Hard to imagine the interior of words and what they’ve done to each other.
For example: the muting of storms beyond the alphabet.
The rain a means of counting.
A lantern monk asks: if I stop looking at Ash Mountain will it fit in my eyes again?
Take a snowflake apart-- wolves freezing there, on the moon.
A man breaks his arm.
From the inside his shadow breaks.
Nobody lives in the approaching autumn—nobody exists in that leaf.
The sound it makes falling is the ground.
The crickets growing louder
the farther I walk
through what hasn’t been remembered.
For each heartbeat I have a different life.
What I tell you in those lives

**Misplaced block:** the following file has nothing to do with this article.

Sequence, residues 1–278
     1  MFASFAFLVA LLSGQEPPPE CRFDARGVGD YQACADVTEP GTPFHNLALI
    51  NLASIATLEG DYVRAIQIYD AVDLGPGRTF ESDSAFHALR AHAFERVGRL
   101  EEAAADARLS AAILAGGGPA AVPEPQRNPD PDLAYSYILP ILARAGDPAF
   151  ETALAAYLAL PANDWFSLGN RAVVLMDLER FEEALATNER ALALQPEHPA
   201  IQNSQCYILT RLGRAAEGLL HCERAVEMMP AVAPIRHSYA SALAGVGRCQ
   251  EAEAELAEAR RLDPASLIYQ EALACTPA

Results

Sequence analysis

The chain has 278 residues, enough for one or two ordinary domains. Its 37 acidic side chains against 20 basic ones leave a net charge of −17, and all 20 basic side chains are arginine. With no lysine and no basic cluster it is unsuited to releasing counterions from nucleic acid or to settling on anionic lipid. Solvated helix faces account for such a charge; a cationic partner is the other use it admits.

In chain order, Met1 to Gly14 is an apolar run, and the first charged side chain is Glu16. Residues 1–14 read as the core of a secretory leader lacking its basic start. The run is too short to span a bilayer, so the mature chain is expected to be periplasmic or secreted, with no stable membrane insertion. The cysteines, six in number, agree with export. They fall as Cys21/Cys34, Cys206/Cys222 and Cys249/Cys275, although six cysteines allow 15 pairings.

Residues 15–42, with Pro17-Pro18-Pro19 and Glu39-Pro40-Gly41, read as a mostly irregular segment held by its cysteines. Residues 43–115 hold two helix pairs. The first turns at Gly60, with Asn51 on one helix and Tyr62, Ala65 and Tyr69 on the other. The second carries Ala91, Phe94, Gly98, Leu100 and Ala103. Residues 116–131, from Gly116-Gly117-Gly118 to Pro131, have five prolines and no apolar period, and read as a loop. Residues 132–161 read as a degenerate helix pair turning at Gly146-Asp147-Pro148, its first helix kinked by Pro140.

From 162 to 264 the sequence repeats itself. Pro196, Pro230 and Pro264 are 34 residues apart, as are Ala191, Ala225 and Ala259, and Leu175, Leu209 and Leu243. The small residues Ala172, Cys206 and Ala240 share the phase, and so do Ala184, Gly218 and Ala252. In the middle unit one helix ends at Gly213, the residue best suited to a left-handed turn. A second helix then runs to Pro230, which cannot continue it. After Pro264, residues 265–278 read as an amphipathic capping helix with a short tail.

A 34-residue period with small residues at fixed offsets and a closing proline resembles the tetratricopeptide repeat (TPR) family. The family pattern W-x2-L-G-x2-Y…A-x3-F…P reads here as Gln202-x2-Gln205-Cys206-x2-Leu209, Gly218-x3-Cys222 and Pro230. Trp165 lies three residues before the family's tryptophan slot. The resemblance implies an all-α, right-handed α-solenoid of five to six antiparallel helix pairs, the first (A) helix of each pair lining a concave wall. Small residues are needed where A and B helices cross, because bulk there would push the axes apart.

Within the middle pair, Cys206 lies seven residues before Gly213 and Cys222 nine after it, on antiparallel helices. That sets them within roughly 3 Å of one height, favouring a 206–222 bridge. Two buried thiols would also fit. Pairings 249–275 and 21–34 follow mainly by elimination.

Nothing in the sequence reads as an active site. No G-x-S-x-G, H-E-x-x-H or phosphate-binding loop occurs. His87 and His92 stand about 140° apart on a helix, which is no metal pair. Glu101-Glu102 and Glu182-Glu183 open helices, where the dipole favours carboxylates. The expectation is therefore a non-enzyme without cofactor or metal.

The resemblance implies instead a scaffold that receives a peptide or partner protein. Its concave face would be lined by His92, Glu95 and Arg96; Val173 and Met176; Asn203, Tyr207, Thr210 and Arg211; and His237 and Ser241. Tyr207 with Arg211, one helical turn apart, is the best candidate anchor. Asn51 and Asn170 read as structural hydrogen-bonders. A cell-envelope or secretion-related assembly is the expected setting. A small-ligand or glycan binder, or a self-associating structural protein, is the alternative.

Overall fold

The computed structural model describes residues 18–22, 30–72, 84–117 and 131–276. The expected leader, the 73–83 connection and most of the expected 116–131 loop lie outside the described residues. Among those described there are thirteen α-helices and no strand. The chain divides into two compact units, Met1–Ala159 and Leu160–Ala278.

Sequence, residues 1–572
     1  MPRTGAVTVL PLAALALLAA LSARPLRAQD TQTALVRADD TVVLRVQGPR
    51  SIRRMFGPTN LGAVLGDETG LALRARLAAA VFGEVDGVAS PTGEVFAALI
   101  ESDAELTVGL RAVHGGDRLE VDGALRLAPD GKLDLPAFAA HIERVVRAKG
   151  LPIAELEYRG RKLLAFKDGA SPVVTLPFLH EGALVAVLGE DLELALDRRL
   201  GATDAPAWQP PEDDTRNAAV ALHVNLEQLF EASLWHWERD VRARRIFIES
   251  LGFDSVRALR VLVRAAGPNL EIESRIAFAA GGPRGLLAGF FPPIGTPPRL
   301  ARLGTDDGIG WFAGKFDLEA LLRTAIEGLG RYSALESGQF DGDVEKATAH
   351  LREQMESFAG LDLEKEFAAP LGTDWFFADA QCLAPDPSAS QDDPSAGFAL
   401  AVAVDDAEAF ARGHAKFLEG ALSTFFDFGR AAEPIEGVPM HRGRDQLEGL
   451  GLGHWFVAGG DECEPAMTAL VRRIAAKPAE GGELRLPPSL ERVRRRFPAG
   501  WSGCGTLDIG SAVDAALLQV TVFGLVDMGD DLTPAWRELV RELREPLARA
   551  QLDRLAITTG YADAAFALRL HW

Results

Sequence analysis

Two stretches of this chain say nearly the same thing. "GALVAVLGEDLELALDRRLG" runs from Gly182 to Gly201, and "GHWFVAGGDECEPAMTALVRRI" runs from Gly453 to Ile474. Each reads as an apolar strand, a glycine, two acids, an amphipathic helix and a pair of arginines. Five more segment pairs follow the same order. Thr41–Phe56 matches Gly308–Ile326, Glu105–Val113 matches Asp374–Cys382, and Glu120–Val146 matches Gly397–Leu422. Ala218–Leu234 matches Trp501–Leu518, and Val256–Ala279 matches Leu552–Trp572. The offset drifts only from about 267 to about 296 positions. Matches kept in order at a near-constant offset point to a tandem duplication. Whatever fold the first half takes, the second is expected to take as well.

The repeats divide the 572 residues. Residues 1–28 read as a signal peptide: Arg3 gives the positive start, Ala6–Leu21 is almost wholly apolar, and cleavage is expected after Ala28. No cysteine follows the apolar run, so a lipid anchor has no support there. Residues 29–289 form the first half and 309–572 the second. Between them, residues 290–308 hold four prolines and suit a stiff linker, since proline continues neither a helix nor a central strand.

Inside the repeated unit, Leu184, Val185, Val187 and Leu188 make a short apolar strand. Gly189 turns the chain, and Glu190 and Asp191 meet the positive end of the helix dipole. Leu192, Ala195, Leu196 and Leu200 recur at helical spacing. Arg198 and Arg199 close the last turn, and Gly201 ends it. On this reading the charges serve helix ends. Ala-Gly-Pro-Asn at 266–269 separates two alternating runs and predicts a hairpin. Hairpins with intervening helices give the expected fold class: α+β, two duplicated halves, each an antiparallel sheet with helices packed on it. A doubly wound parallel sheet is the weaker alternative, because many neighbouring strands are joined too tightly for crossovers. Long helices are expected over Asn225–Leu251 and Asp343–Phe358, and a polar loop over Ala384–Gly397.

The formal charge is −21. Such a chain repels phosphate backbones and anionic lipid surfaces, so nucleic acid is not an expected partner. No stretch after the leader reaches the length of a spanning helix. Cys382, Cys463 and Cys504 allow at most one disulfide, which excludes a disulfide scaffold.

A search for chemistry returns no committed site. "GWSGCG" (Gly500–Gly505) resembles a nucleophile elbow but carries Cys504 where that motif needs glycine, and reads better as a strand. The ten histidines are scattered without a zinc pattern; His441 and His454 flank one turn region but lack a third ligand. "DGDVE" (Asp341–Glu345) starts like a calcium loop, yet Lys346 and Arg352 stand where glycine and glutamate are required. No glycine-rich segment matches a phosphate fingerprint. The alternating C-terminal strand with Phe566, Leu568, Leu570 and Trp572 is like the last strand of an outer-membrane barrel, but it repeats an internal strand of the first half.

makes the birds darker, even from here.
-- Rob Cook lives in New York City’s East Village. He is the author of six collections, including Asking my Liver for Forgiveness (Rain Mountain Press, 2015), Undermining of the Democratic Club (Spuyten Duyvil, 2014), Blueprints for a Genocide (Spuyten Duyvil, 2012) and Empire in the Shade of a Grass Blade (Bitter Oleander Press, 2013). His recently re-released Last Window in the Punk Hotel was a Julie Suk Award finalist. Work has appeared in Asheville Poetry Review, Caliban, Fence, A cappella Zoo, Zoland Poetry, Tampa Review, Minnesota Review, Aufgabe, Caketrain, Many Mountains Moving, Hampden-Sydney Poetry Review, Harvard Review, Colorado Review, Bomb (online), Sugar House Review, Mudfish, Pleiades, Versal, Weave, Wisconsin Review, Ur Vox, Heavy Feather Review, Phantom Drift, Osiris, etc.